July 6, 2015 | Rome, Italy | Clear 22°C

Standing up


Former Columbia student Emma Sulkowicz claimed she'd been raped by fellow student in 2012, but that the university failed to take her seriously. Her mattress protest followed.
By Don Carroll
Published: 2015-06-26
I

mages of people expressing public resistance to authority often stand the test of time. Consider the photo of a Chinese man blocking a tank the day after the Tiananmen Square massacre in 1989.

Giordano Bruno, a Dominican monk with a scientific bent, was burned alive in Rome's Piazza Campo de' Fiori on February 17, 1600 after being convicted of propagating beliefs that undermined Catholic Church dogma. He questioned whether Christ was fully divine and whether the earth was the center of the universe.

A skilled orator, Bruno’s fate was sealed when he refused to recant his controversial theories to officers of the Roman Inquisition. Inquisition members were so concerned about muting Bruno’s dying words that he was actually muzzled when tied to the stake. A dark and brooding statue of Bruno is now the Campo de' Fiori centerpiece.

The statue's ominous presence acts as a magnet as well as a commanding backdrop for protesters demonstrating against those who would limit free speech. For them, the outspoken Bruno remains a symbol of those who have refused to bend to authority even in times of adversity.


The dispute between Paul Nungesser, above, and Emma Sulkowicz remains controversial, since they maintained contact over social media after the alleged rape in 2012.

There is a modern-day Bruno parallel in the case of Emma Sulcowicz. Art student Sulcowicz, who recently graduated from Columbia University, told university officials she'd been raped by a fellow student in 2012, her sophomore year. But the university ruled that the alleged rapist, Paul Nungesser, was "not responsible," effectively clearing him. Enraged by what she saw as poor adjudicating procedures, Sulcowicz devised a response via performance art. In August 2014, she began a carrying a 50-pound mattress wherever she went on the Columbia campus to keep memories of the incident alive and protest the university's lax sexual assault policies.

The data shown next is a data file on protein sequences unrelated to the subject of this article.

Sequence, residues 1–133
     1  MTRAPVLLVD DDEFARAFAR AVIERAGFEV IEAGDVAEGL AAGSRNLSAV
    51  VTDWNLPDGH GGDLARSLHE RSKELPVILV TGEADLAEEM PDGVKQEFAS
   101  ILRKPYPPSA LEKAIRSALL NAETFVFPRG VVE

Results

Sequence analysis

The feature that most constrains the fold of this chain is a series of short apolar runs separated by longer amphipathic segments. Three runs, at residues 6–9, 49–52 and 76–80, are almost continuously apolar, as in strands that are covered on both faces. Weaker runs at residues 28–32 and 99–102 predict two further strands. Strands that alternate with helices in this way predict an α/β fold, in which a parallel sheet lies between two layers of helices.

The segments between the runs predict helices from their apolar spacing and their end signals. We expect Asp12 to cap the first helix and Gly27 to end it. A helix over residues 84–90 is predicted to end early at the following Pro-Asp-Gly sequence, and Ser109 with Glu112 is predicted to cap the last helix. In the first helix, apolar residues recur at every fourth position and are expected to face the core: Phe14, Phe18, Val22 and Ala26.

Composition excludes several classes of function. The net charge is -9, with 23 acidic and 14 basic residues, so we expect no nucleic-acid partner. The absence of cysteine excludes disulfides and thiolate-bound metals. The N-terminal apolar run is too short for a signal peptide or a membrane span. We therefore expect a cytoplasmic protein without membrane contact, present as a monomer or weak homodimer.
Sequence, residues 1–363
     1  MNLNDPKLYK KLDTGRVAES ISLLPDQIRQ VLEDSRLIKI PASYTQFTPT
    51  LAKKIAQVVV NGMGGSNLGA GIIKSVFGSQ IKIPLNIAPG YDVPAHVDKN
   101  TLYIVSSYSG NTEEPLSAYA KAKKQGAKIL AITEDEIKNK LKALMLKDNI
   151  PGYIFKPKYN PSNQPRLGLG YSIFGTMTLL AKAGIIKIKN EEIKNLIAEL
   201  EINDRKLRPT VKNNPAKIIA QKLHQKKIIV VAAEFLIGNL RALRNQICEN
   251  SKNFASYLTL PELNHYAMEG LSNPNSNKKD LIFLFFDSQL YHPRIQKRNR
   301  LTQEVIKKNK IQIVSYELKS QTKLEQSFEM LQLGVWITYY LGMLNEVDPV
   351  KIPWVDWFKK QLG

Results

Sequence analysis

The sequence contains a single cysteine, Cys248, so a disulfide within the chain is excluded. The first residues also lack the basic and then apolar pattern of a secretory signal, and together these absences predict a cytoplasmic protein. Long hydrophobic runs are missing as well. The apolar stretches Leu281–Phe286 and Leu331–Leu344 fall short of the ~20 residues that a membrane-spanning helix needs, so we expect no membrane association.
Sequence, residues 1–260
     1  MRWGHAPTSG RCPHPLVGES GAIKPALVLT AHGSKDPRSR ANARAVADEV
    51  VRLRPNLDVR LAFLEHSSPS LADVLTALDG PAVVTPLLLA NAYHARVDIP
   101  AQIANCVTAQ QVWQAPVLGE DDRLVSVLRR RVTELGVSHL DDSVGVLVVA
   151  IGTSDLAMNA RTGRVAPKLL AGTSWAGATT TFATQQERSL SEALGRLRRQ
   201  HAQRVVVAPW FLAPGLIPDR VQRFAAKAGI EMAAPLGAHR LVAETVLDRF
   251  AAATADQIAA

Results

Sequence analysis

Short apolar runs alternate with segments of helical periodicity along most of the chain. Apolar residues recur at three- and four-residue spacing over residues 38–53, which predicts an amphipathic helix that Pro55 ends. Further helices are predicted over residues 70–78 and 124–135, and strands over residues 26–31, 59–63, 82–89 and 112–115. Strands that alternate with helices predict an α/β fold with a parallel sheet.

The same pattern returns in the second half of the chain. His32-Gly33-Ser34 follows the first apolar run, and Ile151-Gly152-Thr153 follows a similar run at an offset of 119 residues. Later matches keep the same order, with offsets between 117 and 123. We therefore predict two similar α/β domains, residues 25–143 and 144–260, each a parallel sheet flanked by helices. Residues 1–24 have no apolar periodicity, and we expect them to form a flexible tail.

Sulcowicz called the piece "Mattress Performance (Carry That Weight)" and announced she'd haul the mattress (on which she claims she was raped) around campus until either Nungesser left the New York City school or she graduated. Nungesser stayed on and Sulcowicz kept her word.

Sulcowicz isn't the first person to tackle the issue of campus rape through performance art. But the traveling mattress was a particularly affecting image. It quickly became a national lightening rod for powerful, hot button issues such as sexual harassment, sexual discrimination, free speech and privacy.

In Italy, sexual harassment and rape are criminal offenses, while the United States handles them at both the civil and criminal levels. Title IX of the Educational Amendment Act of 1972 prohibits sexual discrimination in educational institutions. It is applied when sexual assault appears to prevent victims from taking full advantage of their education.


Columbia professor and artist Jon Kessler has been drawn into the feud.

Nungesser, not Sulcowicz, used the law in a recent lawsuit filed against Columbia and visual artist Jon Kessler, a professor from whom Sulcowicz sought guidance regarding her mattress project.

Nungesser's principle claim is that support of the performance piece by the university and Kessler thwarted his educational enjoyment. By encouraging Sulcowicz's performance, the suit reads, Kessler "publicly endorsed Nungesser's harassment and defamation." Kessler vehemently denies the claim, insisting he advised her in the same way he does all his students, academically.

Courts will decide whether Kessler encouraged Sulcowicz and whether Columbia should have intervened to shut down the display. But whatever they rule, the many pictures and videos of Sulcowicz's mattress resistance are unlikely to go away soon. She forced the issue into the open by refusing to waver. The mattress performance was planned, executed and maintained as promised.

In January, New York Sen. Kristin Gilibrand made Sulcowicz her guest at the President Barack Obama's State of the Union address in Washington, saying she hoped her presence would "shine a national spotlight on the need to flip the incentives that currently reward colleges for sweeping sexual assaults under the rug." Since then, Gilibrand has praised a number of students locked in sexual harassment cases for their "boldness [and] ability to stand up, courageously speaking truth to power."

Universities are beginning to respond. New York has seen a flurry of legislative activity. Gov. Andrew Cuomo, the State University of New York (SUNY), the American Law Institute (ALI) and the New York Civil Liberty Union are all weighing in on drafts of new laws, both criminal and civil.

Rape is difficult to prosecute effectively and fairly. But the time has come to concentrate the debate and ensure the discourse produces practical results. What side you’re on matters less than the fact that Emma Sulcowicz and her mattress created indelible images. The kind that can make history.

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CLOSING ARGUMENT

Don Carroll

Don is an American attorney with a U.S. tax and legal practice in Rome (see his website). His views do not represent legal advice.

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